August 15, 2022
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Betty Dusek: A storied career in rodeo

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TOM GREEN COUNTY, Texas — A Concho Valley woman who grew up on a ranch just south of San Angelo played a key role in the formation of the Girls Rodeo Association, or GRA, in the 1940s.

Because of that and her success as one of the first women to compete in professional rodeo — Betty Barron Dusek is a member of the National Cowgirl Hall of Fame.

In October of 2010 at the age of 79, Dusek attended the induction ceremony into the National Cowgirl Hall of Fame in Fort Worth, Texas. Just a few months before that she had become a member of the Texas Rodeo Hall of Fame.

Dusek’s home near Wall is filled with championship belt buckles, plaques, photos and newspaper articles documenting decades of competition and wins in women’s rodeos across Texas and the southwest.

“I didn’t rope with the guys — but I tied down the same way,” said Dusek about her years of competition.

The graduate of San Angelo Central High School learned to rope calves working on her family’s ranch near Susan Peak from an early age.

“I started roping before — yes a long time, a long time before. Of course on the ranch you had to rope — had to do something, ” said Dusek.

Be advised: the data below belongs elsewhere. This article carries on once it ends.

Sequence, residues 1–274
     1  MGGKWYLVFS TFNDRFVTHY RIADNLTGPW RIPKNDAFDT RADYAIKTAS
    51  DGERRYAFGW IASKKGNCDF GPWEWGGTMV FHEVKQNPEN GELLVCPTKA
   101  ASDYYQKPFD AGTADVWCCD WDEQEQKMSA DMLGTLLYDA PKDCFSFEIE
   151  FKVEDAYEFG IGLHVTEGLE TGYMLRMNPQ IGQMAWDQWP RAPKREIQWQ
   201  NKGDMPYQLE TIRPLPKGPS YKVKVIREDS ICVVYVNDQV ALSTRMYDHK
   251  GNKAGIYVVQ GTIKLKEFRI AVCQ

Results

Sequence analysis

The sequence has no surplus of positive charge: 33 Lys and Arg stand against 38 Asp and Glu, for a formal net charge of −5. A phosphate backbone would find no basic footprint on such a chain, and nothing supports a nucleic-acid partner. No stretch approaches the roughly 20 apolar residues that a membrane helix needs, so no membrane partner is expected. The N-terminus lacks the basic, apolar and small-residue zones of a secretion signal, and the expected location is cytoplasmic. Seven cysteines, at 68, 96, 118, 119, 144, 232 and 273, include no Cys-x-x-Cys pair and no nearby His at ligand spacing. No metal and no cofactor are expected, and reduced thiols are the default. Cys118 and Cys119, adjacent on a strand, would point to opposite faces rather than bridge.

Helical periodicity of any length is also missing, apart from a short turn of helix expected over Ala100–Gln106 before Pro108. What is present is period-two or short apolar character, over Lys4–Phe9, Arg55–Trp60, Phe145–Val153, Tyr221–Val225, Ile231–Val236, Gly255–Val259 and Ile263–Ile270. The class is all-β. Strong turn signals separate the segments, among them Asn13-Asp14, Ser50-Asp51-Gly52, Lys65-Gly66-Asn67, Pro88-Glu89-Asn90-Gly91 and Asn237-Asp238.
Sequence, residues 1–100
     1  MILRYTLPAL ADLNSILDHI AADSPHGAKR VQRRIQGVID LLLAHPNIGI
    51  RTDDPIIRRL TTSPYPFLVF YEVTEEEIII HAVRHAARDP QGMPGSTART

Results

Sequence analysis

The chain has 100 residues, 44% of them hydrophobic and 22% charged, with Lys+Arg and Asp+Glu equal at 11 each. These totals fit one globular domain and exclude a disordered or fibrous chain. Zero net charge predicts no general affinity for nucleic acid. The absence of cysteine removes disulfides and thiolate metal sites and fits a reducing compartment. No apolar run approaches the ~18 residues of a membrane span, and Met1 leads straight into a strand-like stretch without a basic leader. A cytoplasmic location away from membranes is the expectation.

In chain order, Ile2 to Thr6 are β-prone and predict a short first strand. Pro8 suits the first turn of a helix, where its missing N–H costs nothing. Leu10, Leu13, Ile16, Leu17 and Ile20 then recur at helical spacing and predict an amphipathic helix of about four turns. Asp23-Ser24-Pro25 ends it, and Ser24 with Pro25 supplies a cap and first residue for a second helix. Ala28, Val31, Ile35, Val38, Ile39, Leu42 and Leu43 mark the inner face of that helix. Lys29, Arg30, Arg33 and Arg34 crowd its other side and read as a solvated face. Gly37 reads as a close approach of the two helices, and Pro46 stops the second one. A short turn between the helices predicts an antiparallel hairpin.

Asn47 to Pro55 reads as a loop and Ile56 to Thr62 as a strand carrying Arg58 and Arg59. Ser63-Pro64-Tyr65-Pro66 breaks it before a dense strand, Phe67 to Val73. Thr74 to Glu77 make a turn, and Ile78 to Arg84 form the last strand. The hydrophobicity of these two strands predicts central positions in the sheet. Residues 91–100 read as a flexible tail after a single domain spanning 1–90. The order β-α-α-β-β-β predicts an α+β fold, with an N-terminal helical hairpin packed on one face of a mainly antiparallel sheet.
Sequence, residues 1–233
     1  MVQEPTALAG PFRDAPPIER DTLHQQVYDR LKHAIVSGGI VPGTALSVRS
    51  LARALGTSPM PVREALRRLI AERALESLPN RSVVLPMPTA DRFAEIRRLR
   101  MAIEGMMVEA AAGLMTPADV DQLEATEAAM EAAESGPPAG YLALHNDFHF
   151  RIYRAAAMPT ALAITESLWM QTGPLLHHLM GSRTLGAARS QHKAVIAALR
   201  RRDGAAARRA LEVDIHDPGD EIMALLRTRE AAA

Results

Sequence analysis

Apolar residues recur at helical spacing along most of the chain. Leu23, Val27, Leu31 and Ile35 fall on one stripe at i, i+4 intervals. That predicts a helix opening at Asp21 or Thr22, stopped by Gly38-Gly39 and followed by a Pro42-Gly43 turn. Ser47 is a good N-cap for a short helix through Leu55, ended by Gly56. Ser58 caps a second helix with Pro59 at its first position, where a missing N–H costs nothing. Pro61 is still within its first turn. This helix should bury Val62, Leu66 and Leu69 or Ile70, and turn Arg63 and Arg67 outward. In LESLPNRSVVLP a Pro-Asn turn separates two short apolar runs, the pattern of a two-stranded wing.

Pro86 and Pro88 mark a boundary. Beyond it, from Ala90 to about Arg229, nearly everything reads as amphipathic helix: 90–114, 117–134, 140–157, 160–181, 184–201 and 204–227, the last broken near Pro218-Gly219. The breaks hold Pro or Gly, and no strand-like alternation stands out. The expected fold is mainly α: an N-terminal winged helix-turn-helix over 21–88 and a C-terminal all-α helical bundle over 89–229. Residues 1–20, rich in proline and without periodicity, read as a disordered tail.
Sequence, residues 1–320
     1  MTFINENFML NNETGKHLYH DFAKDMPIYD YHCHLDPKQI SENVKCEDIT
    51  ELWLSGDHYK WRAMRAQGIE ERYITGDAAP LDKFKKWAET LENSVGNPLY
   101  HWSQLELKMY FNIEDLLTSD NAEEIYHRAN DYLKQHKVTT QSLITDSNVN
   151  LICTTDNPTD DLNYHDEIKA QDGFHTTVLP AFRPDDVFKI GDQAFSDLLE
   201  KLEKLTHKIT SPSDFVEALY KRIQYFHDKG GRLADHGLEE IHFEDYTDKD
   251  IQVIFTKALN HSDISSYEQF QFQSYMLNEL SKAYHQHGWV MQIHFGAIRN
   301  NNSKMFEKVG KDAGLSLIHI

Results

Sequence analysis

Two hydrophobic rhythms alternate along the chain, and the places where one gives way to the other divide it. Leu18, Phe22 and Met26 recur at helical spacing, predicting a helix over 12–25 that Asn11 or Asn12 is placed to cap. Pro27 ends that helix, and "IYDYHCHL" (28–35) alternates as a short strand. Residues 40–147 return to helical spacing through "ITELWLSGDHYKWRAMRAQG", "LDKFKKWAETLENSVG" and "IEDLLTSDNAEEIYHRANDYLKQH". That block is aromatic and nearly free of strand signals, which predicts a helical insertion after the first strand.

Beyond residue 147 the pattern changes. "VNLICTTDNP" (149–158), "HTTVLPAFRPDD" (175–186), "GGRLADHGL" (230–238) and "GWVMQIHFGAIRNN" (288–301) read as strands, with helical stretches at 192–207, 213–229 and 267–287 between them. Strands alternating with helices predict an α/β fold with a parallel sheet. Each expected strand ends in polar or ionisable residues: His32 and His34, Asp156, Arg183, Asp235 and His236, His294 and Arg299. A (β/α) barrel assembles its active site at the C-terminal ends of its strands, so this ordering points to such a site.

In those days women who competed in rodeos did it all from roping calves to running barrels.

Dusek still enjoys watching rodeos whether it’s from home on television or in person in San Angelo at Foster Communications Coliseum.

Dusek has a place in the National Cowgirl Hall of Fame and part of the reason is that she helped create the organization that eventually became the modern-day Women’s Professional Rodeo Association or WPRA.
Dusek learned early the value of a good horse — and a good calf for a winning time.

“Pretty much watching the calf….well you know — your horse has got to be straight,” said Dusek, “but if your calf isn’t good it just won’t work.”

Dusek eventually became a world champion calf roper with 14 titles. In addition to being a champion roper, she played a key role in starting the first organization to oversee women’s rodeo events.

In February of 1948 at the San Angelus Hotel in downtown San Angelo…Betty and several dozen other women rodeo competitors gathered to form the “Girl’s Rodeo Association”. They created the group to set competition rules and oversee women’s rodeo events held during sanctioned rodeos.

Dusek became the calf roping director with the GRA. There were about 75 members during the first year of the organization that eventually became the “Women’s Professional Association” of today.

Dusek, who rode horses until just a few years ago, won a number of champion saddles and even a horse through the years. Dusek recalled a story about the time she and a friend tied during a Texas rodeo — and then after the rodeo ran barrels three more times to determine the winner.

“We tied – and so we ran twice…and we still tied,” said Dusek.

On the third run, Betty lost by a tenth of a second — her friend won the saddle.

“She got the saddle and I got the luggage.”



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